For many such smaller firms, the risk manager role is a part-time job, and may be held alongside other roles, such as company secretary or chief financial officer. This is the simple reason Airmic’s members are disproportionately drawn from the biggest firms.
To help with building links to the risk function at mid-size firms, Ludlow suggests Airmic should work a force multiplier. This might mean partnering with a body like the Confederation of British Industry (CBI), Ludlow suggests, as the CBI’s reach means it can easily reach out to further trade groups.
His second and much more specific aim, is to diversify engagement with sponsors and broaden that sponsor base, stresses Ludlow. He suggests this is in line with a desire to embed insurance and risk transfer matters within the broader risk management context. “We’re about solving business problems; we’re not a channel for insurance product and services,” he notes.
This involves “de-siloing teams’ relationships with partners”. He wants to grow relationships with a broader panel of partners. These, in no particular order, include specialist risk management consultants, risk technology vendors, companies focused on people and talent, cyber-security experts, specialists in financial instruments and financial risk management, and specialists in physical security and health and safety.
The third aim is more introspective: look directly at Airmic’s in-house capabilities and develop the business model. He wants to revitalise its special interest groups, for example. “We’ve been working out where pinch points are and reorganising or adding a little resource here and there to work a little better,” Ludlow adds.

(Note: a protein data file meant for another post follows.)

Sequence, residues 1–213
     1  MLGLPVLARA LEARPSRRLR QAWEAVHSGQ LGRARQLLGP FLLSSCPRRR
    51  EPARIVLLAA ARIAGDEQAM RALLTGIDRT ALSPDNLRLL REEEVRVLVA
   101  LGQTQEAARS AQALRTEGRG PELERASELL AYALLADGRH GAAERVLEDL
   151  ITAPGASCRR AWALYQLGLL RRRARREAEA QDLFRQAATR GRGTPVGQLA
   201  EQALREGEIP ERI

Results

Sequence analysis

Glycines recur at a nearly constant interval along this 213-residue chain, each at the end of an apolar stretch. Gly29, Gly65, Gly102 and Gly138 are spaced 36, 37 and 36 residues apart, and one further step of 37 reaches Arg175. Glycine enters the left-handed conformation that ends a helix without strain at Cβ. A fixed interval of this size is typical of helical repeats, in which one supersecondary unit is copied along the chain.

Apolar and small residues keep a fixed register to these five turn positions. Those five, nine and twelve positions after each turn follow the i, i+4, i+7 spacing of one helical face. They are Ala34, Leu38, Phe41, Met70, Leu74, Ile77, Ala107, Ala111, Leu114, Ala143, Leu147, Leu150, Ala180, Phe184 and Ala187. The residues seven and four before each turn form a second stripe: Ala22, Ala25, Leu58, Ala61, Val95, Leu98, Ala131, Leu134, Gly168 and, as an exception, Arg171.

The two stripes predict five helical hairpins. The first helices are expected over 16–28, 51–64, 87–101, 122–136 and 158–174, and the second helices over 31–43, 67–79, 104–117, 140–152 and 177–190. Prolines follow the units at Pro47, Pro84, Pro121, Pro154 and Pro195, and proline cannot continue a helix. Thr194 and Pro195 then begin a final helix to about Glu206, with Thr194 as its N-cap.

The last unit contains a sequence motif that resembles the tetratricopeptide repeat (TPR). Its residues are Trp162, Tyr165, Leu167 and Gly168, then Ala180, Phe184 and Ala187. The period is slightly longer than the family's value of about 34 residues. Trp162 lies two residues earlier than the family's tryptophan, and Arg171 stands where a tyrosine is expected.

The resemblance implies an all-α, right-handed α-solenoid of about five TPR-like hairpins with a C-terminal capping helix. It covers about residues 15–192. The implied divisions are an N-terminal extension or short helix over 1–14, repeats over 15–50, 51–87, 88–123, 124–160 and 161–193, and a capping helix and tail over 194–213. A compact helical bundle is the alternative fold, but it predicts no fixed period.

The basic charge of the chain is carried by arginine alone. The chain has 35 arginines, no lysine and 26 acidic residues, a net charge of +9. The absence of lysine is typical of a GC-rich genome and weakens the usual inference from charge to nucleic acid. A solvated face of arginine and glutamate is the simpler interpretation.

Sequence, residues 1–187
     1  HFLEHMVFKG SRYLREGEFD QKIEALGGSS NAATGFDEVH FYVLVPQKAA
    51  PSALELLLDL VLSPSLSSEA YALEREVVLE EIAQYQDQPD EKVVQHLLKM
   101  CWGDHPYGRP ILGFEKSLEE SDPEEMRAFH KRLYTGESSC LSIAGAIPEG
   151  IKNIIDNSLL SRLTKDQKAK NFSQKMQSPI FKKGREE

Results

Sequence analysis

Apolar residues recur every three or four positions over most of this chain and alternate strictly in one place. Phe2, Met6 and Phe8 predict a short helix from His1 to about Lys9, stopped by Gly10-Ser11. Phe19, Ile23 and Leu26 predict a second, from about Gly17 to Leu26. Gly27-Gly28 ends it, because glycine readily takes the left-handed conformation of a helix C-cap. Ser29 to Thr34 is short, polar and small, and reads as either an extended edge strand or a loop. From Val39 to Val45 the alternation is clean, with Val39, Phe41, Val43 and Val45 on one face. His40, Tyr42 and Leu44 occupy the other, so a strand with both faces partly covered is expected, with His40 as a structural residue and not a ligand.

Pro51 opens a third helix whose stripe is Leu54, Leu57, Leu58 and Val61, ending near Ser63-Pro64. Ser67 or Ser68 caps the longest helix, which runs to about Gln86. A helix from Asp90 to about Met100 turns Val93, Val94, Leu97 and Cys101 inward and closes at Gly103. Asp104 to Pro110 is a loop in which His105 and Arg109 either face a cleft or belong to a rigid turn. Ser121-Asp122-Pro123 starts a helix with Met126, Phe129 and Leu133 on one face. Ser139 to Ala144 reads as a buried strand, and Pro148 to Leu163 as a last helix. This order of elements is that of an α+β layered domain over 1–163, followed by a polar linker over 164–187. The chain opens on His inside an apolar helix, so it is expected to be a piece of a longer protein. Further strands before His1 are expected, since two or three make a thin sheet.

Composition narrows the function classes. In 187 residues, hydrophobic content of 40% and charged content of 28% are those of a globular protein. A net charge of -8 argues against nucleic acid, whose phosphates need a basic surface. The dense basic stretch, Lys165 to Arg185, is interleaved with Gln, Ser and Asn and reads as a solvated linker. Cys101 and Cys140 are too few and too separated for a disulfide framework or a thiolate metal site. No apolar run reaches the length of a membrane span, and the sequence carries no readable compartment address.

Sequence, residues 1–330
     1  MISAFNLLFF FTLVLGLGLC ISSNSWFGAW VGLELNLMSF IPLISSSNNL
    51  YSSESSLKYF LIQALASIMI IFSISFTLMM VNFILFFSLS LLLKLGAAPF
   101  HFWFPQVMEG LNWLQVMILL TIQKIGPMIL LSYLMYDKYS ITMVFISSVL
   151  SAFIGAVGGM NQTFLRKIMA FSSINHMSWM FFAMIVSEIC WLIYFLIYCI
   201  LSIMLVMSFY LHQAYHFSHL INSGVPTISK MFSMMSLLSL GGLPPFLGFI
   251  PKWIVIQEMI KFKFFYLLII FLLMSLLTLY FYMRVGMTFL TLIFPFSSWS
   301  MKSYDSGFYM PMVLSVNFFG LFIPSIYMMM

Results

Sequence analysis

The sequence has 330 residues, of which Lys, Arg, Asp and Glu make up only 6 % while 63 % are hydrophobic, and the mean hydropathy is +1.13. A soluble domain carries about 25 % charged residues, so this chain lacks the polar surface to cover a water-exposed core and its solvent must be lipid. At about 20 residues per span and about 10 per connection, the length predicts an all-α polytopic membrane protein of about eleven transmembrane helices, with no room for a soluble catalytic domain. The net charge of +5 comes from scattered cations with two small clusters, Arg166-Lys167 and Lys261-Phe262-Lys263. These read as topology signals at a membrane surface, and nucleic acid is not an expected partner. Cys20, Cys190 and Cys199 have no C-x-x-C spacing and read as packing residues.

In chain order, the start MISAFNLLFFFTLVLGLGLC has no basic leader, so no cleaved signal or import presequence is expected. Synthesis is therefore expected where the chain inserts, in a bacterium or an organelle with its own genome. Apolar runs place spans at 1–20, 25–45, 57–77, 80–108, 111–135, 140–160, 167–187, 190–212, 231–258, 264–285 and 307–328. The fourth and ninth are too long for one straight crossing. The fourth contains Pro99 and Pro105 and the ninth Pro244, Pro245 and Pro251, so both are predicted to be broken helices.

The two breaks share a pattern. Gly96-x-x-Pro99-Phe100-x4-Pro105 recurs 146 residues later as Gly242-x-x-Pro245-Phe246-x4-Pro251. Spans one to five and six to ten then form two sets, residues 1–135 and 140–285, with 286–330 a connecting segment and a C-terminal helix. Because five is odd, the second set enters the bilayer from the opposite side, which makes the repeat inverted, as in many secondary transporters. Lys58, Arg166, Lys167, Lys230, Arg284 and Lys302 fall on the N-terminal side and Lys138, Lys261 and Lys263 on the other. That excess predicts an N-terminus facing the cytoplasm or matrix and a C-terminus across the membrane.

As part of efforts to improve engagement with Airmic’s members – as well as deepen the pool – Ludlow suggests that a lot of thinking has gone into understanding not just what topics need addressing, but the “member journey”: from university graduates, to reaching management positions, to senior leadership within their organisation.
To aid continuous professional development, he points to working with professional intuitions on qualifications, as well as work done with the Cass Business School. Ludlow says Airmic is now talking to six universities to inspire youngsters to join the risk management discipline, gain qualifications within it, join fast track initiatives, and shape academic curricula. There is also the Airmic academy programme, which Ludlow says offers “deep dives into topics like cyber and political risk”, in addition to workshops focused on many other topics.
There is also the risk leadership programme, developed with Cass, focused on about a dozen people, aiming to nurture future risk management leaders. Ludlow stresses the need to develop business acumen within risk management, as well as “to talk and to lead” like business people. “Staying in a silo of technical understanding of risk and insurance is not going to engage well with the business,” he warns.
He continues: “You can teach people leadership. Many professions face this same challenge. Engineers and technologists need leaders. Previously we haven’t focused enough on developing leadership, but that’s changing. We need to drop the idea that you’re a risk manager and not a leader,” says Ludlow.